What You Need To Know About Osteoporosis And Dental Implants

Losing an adult tooth can be a cause for concern. Not only does a missing tooth affect your physical appearance, but it can also lead to bone deterioration in the jaw. Dental implants are commonly recommended by dentists as a treatment option for replacing missing teeth.

You may be wondering how osteoporosis can affect the placement of a dental implant. There are some things you need to know about osteoporosis and dental implants if you are thinking about using an implant to replace a missing tooth in the future.

Dental Implants Utilize Your Natural Bone

There is a close relationship between your natural jaw bone and a dental implant. Your dentist will anchor a metal post to your jaw bone in the space where your tooth is missing. Once the gum tissue heals around this post, a crown can be added to complete the implant.

Since it is your jaw bone that holds the implant firmly in place, the condition of the bone is important.

You May Need a Bone Graft

Osteoporosis doesn't automatically preclude you from getting a dental implant to replace a missing tooth. Your dentist will evaluate the condition of the jaw bone to determine if there is enough bone density to support the implant.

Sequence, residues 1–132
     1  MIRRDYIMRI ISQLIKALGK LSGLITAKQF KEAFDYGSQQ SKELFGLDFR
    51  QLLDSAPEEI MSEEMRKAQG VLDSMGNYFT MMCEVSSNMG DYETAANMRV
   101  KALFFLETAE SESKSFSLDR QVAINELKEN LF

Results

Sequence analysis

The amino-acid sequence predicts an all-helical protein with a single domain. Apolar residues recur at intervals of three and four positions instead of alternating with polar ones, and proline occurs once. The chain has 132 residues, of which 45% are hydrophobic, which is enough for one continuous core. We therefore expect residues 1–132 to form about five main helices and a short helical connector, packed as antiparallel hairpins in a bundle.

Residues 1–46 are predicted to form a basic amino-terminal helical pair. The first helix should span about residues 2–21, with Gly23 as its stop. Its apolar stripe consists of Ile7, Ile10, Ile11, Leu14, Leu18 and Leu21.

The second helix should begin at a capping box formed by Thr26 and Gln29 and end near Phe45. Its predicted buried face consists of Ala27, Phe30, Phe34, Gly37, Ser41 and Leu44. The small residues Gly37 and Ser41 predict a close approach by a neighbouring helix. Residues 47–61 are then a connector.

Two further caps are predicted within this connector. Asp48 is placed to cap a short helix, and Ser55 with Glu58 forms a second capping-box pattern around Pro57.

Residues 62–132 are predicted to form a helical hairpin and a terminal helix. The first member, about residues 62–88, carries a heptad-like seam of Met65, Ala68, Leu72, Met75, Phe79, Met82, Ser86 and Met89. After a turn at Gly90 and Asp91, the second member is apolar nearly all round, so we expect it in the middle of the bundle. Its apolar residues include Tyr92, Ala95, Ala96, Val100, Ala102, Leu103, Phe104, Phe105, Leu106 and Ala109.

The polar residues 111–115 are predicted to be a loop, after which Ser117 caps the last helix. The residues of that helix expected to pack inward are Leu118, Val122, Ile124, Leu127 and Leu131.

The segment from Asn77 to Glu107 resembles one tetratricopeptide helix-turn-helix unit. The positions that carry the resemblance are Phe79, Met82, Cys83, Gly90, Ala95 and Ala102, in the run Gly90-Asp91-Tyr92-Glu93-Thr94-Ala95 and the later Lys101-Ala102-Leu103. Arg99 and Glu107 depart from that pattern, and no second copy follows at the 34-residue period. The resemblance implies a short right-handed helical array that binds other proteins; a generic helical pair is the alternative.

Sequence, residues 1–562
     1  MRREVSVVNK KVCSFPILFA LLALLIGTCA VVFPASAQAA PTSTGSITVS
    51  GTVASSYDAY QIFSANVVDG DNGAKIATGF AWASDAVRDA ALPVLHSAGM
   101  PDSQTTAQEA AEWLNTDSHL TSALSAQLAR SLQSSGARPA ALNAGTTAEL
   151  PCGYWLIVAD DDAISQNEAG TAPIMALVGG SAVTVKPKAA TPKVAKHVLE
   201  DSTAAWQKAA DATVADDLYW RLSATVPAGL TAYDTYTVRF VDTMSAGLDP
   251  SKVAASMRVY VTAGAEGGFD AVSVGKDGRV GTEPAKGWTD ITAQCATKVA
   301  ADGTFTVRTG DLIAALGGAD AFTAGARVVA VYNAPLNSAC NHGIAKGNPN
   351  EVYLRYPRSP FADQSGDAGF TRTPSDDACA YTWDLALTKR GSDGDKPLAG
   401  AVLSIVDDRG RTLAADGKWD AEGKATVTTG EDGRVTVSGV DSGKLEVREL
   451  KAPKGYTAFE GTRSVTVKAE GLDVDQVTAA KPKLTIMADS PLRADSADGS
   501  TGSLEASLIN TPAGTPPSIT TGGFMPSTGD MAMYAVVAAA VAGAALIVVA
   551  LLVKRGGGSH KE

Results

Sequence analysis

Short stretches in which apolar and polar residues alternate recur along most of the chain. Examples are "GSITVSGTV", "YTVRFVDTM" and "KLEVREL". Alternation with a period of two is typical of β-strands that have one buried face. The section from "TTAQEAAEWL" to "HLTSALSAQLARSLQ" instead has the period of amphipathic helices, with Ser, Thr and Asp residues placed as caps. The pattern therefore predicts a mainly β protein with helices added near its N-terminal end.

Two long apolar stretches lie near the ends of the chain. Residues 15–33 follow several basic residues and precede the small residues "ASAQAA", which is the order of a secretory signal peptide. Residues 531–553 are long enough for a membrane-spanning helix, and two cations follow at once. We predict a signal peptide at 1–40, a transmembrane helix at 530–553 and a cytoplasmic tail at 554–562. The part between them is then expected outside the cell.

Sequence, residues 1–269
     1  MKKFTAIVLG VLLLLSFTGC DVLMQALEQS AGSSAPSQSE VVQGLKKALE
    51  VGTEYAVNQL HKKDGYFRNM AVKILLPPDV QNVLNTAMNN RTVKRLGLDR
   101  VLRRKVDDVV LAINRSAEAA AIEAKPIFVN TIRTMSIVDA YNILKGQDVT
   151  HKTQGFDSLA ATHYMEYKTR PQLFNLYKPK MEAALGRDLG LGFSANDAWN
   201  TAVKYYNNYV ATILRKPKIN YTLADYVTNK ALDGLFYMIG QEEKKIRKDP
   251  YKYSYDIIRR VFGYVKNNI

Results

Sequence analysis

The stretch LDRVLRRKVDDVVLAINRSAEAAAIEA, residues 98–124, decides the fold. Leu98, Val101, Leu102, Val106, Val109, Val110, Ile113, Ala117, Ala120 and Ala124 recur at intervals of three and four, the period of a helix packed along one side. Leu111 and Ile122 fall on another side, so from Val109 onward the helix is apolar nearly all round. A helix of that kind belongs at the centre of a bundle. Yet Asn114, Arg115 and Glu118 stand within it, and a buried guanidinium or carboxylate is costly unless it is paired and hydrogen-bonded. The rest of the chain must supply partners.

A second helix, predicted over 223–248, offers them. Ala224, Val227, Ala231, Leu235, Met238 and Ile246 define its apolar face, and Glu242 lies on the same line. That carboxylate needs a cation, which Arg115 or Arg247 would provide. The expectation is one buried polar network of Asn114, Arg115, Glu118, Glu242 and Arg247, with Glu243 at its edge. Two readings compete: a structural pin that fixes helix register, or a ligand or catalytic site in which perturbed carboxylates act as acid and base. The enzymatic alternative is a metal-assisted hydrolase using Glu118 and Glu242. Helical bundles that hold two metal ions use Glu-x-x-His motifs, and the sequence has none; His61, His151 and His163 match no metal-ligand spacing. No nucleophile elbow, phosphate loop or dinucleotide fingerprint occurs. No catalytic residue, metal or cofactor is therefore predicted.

If the bone doesn't appear to be structurally sound enough for an implant, you may need to have a bone graft before the post can be set. A bone graft helps to fortify your existing bone so that the implant can fuse properly.

A bone graft can add to the healing time associated with a dental implant procedure, but it can be a great way to help overcome some of the limitations created by osteoporosis when it comes to replacing a missing tooth.

Osteoporosis Won't Cause an Implant to Fail

If you have already had a dental implant, you may be wondering what will happen to the implant as your osteoporosis progresses. Research shows that there is no evidence to support claims that osteoporosis will make a dental implant fail.

The post that your dentist implants into the bone fuses with the existing bone in your jaw relatively quickly. This means that within a matter of weeks, your implant will take root. The onset of osteoporosis will not affect the fusion process, and your implant will continue to function normally.

You should discuss your concerns with your dentist to ensure you are doing everything required to extend the life of your implant well into the future. For more information about dental implants, contact a local dentist.